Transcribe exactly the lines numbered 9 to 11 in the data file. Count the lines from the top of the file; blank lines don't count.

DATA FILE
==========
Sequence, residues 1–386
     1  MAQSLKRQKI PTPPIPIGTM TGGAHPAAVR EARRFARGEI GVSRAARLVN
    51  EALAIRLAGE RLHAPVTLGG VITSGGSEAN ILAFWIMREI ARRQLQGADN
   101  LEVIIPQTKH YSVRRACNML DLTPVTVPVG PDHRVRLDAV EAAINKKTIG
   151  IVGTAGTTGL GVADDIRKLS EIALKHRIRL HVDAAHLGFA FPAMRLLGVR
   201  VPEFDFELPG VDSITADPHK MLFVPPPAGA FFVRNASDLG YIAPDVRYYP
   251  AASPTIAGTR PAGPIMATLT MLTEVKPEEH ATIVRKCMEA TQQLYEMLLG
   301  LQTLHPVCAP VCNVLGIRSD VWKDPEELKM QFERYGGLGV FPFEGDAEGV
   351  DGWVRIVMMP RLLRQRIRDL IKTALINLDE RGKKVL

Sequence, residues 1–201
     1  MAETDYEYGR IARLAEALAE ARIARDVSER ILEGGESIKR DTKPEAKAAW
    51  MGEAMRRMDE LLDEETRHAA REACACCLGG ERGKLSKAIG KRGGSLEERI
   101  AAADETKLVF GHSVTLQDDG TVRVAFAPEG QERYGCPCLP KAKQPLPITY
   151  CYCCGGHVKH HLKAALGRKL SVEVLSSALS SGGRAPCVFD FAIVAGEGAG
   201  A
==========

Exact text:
   351  DGWVRIVMMP RLLRQRIRDL IKTALINLDE RGKKVL

Sequence, residues 1–201
     1  MAETDYEYGR IARLAEALAE ARIARDVSER ILEGGESIKR DTKPEAKAAW